Revised gear list for trekking the Himalayas

This is an update to the Everest packing list I posted before my trip to Nepal. Looking back, there were items I wished I’d brought or brought more of, and a few things I didn’t use and subsequently gave away to save my porter and me some extra ounces.

Things I didn’t need or need as much of:

  • International plug adapters. I brought three, only needed one with a USB input.
  • Baby wipes. I brought three packs of 42-count, only needed half of a single pack.
  • Paper shower wipes. I brought a dozen, and only needed four for the coldest and highest parts of the hike where there was no running water.
  • Gaiters. Never needed them.
  • Laundry detergent pods. Never needed them. I was able to pay for a three or four, small pieces of clothing to be laundered during certain stops along the trip. Underwear would have been considered rude to give to the Nepalese to wash, so I was glad I brought enough for the whole trip. At lower altitudes, you can also wash and dry underwear yourself and leave it in the sun to dry.
  • Camelback water bottle. I should have tested this out on a few local hikes before bringing it to Nepal. But like a rookie, I tested it out on the trail and hated it. I was so grateful I was able to pick up a trusty Nalgene bottle in Namche Bazaar.
  • Hand and feet warmers. I tried once to keep them in my gloves for a 15,000 foot trek and either the altitude impacted their effectiveness or it was too cold to feel them. They were useless.
  • Rugged camera. I took a single test picture below 12,000 feet, and then kept it packed the rest of the trip. All images were captured by my iPhone 7 plus.
  • Keen sandals. I donated the them to one of the girls who worked in a hut. They were heavy and clunky and unnecessary. My gyms shoes were softer, more comfortable, and warmer in the huts.

Things I used every day or almost every day:

  • Deodorant, chapstick, sunscreen – all of it religiously
  • Toothbrush, floss, and toothpaste – same
  • Body soap, shampoo, and body sponge
  • Moleskin or some kind of blister repair tape
  • Talcum powder surprisingly – reduced moisture in socks and kept feet fresh
  • Backpack (no brainer) and hiking poles – saved a few tumbles
  • All of the jackets I brought – raincoat, down puff, fleece hoody, fleece jacket
  • Beanie and buff – everyday above 13,000 feet
  • Baseball hat – everyday below 12,000 feet
  • Sunglasses – everyday no matter what
  • Jolly ranchers – they were nice to have on a the dusty trail, plus made for nice gifts for the hut staff and breaks with the sherpas or porters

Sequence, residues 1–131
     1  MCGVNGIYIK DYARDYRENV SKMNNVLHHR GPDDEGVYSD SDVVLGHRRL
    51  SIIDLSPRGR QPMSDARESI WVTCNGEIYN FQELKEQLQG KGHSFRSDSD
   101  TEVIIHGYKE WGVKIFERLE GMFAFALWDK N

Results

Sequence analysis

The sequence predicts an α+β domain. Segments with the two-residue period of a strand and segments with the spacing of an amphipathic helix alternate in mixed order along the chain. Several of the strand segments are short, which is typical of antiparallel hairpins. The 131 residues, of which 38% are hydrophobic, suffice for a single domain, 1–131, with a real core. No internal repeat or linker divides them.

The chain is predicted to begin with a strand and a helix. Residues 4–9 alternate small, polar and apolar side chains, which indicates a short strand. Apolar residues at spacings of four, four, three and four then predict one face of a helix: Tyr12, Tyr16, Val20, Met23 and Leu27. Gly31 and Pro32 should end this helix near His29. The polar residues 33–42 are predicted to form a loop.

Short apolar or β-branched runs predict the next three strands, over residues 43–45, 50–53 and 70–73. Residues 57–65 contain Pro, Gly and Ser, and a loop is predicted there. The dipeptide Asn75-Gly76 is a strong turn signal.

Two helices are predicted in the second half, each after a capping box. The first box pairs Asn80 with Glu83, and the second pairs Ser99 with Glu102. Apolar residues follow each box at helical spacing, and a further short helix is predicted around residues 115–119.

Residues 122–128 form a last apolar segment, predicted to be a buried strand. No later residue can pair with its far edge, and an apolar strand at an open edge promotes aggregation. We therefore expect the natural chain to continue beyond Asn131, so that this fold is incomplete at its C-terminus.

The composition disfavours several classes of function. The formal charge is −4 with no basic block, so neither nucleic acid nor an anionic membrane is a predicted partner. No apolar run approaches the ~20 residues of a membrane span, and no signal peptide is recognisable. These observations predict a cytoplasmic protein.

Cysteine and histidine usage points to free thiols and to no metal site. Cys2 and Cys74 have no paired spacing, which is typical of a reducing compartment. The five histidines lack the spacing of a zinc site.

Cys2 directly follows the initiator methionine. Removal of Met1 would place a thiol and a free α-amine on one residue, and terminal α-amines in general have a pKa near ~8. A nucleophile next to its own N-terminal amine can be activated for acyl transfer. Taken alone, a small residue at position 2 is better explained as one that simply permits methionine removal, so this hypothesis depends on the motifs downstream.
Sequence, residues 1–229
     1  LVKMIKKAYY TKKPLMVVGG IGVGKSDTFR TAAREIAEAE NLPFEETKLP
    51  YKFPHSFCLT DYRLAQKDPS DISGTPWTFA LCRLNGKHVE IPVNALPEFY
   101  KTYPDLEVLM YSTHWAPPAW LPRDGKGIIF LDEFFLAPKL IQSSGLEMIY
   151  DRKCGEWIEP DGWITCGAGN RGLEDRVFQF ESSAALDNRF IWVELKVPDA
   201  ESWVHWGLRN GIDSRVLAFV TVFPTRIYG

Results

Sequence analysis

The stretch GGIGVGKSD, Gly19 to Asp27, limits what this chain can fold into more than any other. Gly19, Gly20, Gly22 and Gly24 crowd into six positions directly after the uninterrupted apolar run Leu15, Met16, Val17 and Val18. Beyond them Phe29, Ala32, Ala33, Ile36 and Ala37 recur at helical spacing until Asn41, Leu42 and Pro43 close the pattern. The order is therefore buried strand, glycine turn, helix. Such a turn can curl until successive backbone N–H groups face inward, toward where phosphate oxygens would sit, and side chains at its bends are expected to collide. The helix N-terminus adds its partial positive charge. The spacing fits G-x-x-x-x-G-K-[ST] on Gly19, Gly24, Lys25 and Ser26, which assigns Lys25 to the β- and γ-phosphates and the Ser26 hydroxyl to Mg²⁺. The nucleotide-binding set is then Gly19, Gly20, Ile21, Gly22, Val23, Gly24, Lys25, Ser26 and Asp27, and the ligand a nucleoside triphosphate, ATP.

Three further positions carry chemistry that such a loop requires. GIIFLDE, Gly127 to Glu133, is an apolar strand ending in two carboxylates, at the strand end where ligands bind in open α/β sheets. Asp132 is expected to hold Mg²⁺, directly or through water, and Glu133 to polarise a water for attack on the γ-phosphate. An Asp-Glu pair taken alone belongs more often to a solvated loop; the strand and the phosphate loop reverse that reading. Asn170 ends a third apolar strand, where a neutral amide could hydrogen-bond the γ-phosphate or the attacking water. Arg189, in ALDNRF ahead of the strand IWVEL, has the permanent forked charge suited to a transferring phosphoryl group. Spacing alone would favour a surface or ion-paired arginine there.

Things I wished I brought or had more of:

  • Airborne chewables instead of EmergenC powder
  • Nail clipper (purchased in Namche)
  • Nail file
  • Pumice stone
  • More moleskin or blister tape

Trekking the Himalayas especially over 16,000 feet is tough and grueling. But it can be made oh so much better with the right gear. Most of my feedback on gear and supplies is completely personal preference. Test all available and reasonable options and do what works for you.


Packing list for trekking the Himalayas

cubshat

The Chicago Cubs have won the 2016 World Series. What a delight to be alive right now.

While the ticker tape parade was assembled, five million fans gathered in the streets of Chicago for the celebration. I only wish I could have been there. Instead I spent that time packing for the trek in the Himalayas. But rest assured, my Cubs hats and hoody will accompany me to Nepal.

Packing for a twenty-two day trip is a bit of a tricky thing. It warrants a lot of thought, research, and a little intuition. Who knows exactly what you’ll be encountering at 18,000 feet, be it weather, altitude sickness or a blistered foot. It might, perhaps, be all three. There are weight limits and space limits, not to mention my own physical limits for how much I can conceptually carry while trekking on the highest mountain on the planet for sixteen days.

Things find a way of working out. Hopefully, this is enough and not too much. For anyone curious about what I packed, I assembled it below.

  • soft duffle bag (for trek) and carryon to leave in Kathmandu
  • daypack
  • 3 padlocks and keys
  • insurance info
  • 2 sets of passport photos (visa and trekking pass)
  • passport
  • US cash in smaller bills
  • coloring books, pencils, stickers, markets for children
  • ibuprofen, Imodium
  • ziplock with toilet paper and hand sanitizer
  • toothbrush, floss and paste
  • Acetazolamide(altitude) and Z-pack (antibiotics)
  • jolly ranchers and cough drops
  • sunscreen and insect repellent
  • wet/dry shower wipes
  • hand/feet warmers
  • waterproof matches, rope and iodine tablets
  • 1 liter water bottle and camelback bladder
  • moleskin, bandaids, first aid kit
  • swiss army knife and whistle/thermometer/compass
  • emergenC
  • rugged camera + batteries + memory card
  • international plug
  • extra ziplock bags
  • 5 packets of laundry detergent
  • body soap and shampoo
  • quick dry towel and washcloth
  • rubber ring band
  • sunglasses
  • sleeping bag, liner, and stuff sacks
  • Cubs baseball cap
  • gaiters
  • raincoat and pants
  • beanie hat
  • fleece jacket and pants
  • balaclava and buff
  • down jacket
  • thermal under layers (2 sets)
  • 20 pairs of underwear
  • 5 warm wool socks; 6 lighter wool socks
  • 3 long sleeve smart wool shirts
  • 2 pairs of hiking pants
  • jeans
  • hiking boots, sneakers and sandals
  • light and warm gloves
  • Cubs hoody for sleeping

While in Kathmandu I will pick up trekking poles and anything else I’ve forgotten before departing for Lukla.